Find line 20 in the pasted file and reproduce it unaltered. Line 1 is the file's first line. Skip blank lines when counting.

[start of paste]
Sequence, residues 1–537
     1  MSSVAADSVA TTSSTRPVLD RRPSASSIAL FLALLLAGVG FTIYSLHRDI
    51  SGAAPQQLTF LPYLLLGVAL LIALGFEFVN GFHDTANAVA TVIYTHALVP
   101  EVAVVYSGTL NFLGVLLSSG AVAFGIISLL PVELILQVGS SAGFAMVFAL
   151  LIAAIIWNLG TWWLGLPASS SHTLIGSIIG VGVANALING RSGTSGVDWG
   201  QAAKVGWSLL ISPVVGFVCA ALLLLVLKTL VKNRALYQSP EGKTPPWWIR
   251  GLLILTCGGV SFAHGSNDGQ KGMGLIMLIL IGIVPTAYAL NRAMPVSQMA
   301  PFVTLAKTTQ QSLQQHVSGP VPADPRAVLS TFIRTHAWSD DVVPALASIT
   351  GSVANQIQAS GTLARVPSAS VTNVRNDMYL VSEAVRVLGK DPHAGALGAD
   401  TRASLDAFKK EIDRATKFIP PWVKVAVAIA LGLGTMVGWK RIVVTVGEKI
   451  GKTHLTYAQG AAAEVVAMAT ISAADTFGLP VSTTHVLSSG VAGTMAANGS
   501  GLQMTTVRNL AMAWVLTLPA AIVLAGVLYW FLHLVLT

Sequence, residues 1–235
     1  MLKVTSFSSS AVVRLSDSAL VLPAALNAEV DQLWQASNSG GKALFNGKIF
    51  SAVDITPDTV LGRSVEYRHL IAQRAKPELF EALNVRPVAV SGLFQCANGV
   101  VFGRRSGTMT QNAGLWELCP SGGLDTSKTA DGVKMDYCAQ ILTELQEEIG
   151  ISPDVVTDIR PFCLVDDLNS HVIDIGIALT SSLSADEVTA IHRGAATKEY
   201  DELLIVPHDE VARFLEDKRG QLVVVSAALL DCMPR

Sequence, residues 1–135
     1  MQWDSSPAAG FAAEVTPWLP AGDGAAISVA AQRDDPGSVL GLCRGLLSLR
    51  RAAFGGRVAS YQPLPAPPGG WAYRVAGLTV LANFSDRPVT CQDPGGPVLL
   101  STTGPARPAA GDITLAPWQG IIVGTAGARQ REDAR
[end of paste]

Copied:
     1  MQWDSSPAAG FAAEVTPWLP AGDGAAISVA AQRDDPGSVL GLCRGLLSLR